December 02, 2019 - 8:02 pm
WASHINGTON (AP) — The Trump administration asked the Supreme Court on Monday for permission to begin executing federal inmates as soon as next week. The Justice Department said in a filing late Monday that lower courts were wrong to put the executions on hold. Attorney General William Barr...
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FILE - In this Nov. 22, 2019, file photo, Attorney General William Barr speaks with members of the press before participating in a law enforcement roundtable at the Flathead County Sheriff's Posse in Evergreen, Mont. An appeals court is upholding a ruling that blocked the federal government’s plan to restart federal executions next week after a 16-year hiatus. The order was handed down Monday by the U.S. Court of Appeals for the District of Columbia Circuit. The Justice Department asked the court to vacate or stay an injunction put in place by a district court judge. Attorney General William Barr has said he would take the case to the Supreme Court if necessary. (AP Photo/Patrick Semansky, File)
December 02, 2019 - 4:19 pm
WASHINGTON (AP) — An appeals court is upholding a ruling that blocked the federal government’s plan to restart federal executions next week after a 16-year hiatus. The order was handed down Monday by the U.S. Court of Appeals for the District of Columbia Circuit. The Justice Department asked the...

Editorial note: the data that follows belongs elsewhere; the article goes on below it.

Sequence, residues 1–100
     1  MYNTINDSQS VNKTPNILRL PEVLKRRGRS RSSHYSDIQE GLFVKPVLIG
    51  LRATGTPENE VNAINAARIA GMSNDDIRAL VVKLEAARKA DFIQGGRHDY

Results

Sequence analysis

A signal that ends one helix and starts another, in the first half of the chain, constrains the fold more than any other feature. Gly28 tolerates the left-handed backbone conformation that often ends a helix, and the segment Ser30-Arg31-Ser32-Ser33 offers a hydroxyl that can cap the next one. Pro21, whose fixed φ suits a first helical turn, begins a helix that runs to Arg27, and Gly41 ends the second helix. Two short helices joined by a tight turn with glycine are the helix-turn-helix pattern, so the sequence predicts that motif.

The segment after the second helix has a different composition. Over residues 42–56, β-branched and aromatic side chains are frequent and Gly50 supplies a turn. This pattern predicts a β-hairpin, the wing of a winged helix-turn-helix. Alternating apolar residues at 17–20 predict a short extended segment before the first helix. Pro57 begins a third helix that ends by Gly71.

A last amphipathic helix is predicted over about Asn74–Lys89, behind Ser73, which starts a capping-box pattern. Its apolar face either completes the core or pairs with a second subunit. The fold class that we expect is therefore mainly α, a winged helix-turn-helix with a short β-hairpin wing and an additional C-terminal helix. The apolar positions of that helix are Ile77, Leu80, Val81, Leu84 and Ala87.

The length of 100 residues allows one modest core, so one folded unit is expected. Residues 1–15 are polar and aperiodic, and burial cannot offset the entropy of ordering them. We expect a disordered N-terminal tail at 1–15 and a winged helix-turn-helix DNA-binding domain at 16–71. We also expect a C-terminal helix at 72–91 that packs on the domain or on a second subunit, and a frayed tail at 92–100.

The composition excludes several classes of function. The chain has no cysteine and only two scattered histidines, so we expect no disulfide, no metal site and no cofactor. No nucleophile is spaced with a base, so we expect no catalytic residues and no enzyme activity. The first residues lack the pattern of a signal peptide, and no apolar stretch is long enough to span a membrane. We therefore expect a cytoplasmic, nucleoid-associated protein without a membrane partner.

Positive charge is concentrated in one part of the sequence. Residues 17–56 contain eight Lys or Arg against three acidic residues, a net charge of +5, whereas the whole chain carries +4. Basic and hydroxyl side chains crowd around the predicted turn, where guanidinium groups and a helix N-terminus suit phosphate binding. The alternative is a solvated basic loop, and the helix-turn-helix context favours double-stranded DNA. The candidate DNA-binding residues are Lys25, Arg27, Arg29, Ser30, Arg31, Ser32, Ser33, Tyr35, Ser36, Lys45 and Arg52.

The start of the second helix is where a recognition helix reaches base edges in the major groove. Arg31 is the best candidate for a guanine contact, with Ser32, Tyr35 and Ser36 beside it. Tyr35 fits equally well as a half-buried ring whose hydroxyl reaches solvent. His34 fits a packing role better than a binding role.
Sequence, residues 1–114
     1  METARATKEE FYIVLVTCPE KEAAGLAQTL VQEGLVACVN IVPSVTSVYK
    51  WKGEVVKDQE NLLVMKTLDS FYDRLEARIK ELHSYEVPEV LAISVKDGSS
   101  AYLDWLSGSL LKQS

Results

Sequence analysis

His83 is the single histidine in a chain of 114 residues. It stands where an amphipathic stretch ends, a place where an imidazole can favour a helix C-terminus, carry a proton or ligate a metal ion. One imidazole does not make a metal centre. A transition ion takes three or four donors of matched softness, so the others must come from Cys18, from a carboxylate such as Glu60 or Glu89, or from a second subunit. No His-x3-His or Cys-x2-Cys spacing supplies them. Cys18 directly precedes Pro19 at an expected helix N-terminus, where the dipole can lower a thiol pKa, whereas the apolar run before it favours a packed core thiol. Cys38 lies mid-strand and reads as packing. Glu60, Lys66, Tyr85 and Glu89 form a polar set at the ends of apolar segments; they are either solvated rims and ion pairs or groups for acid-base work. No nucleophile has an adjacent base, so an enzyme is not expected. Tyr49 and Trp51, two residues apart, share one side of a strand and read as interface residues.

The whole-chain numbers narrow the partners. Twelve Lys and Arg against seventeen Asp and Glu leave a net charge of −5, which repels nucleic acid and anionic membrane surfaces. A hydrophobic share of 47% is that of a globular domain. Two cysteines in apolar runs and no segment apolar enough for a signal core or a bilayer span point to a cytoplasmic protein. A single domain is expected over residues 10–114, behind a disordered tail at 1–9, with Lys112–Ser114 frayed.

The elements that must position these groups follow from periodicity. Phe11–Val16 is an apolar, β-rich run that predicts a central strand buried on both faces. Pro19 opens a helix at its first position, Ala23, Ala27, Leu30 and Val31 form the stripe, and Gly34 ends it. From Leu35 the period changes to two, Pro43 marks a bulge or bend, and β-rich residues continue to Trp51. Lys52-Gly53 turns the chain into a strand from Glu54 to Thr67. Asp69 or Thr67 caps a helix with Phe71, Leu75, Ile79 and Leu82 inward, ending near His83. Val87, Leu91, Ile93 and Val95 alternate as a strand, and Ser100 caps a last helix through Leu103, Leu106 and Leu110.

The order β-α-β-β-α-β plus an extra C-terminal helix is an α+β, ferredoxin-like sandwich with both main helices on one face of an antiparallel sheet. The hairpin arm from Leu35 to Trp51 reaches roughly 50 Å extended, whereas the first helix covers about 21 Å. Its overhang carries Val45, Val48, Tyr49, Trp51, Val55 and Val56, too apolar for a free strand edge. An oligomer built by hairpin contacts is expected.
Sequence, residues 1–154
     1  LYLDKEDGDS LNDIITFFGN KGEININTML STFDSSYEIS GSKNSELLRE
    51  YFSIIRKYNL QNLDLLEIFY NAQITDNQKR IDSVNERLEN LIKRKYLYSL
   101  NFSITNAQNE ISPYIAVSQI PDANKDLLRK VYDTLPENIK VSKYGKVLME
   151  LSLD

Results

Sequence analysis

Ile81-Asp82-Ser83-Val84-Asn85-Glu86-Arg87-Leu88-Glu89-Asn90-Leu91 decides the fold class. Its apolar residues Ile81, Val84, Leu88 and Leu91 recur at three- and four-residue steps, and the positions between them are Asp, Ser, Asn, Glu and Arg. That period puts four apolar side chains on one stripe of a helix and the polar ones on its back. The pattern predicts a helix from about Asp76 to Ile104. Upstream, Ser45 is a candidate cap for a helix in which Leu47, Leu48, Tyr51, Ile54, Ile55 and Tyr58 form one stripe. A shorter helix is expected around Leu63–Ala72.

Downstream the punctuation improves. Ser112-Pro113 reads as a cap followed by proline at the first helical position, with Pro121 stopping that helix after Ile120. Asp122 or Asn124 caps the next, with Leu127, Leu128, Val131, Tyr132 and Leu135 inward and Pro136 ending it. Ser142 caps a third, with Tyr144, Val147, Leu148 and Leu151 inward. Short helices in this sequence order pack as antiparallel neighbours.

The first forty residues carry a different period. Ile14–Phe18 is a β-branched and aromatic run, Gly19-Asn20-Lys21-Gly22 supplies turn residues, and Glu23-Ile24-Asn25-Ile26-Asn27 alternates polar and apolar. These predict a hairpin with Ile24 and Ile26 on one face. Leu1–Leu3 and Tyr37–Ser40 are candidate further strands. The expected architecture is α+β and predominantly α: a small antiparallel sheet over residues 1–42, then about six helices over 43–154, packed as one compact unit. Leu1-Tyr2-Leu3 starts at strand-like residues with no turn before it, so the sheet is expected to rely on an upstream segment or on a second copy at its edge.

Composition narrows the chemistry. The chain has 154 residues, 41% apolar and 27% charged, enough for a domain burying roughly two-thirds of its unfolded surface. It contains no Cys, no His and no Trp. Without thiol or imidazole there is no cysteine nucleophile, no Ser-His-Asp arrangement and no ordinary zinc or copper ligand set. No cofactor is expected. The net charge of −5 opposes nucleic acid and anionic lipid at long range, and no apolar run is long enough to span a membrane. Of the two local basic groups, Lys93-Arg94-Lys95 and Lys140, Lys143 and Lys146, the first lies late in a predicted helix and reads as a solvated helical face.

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December 02, 2019 - 3:54 pm
WASHINGTON (AP) — An appeals court is declining to block the federal government’s plan to restart federal executions next week after a 16-year hiatus. The order was handed down Monday by the U.S. Court of Appeals for the District of Columbia Circuit. The Justice Department asked the court to vacate...
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November 27, 2019 - 1:53 pm
WASHINGTON (AP) — Lawyers for a federal death row inmate convicted of rape and murder have asked a federal judge to halt his scheduled execution next month because the prisoner has Alzheimer’s disease and schizophrenia. Wesley Ira Purkey’s lawsuit was filed late Tuesday in Washington. His execution...
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November 27, 2019 - 1:21 pm
WASHINGTON (AP) — Lawyers for a federal death row inmate convicted of rape and murder have asked a federal judge to halt his scheduled execution next month because the prisoner has Alzheimer’s disease and schizophrenia. Wesley Ira Purkey’s lawsuit was filed late Tuesday in Washington. His execution...
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FILE - In this Oct. 11, 2019 file photo, a view of the E. Barrett Prettyman United States Courthouse in Washington. A federal judge in the District of Columbia has temporarily halted the first federal execution in 16 years as a lawsuit on how the government intends to carry it out continues. (AP Photo/Susan Walsh)
November 21, 2019 - 1:13 pm
WASHINGTON (AP) — A judge has temporarily halted the first federal executions in 16 years, saying death row inmates scheduled to be executed are likely to win their legal challenge. U.S. District Judge Tanya S. Chutkan said in a Wednesday evening ruling that the public is not served by “short-...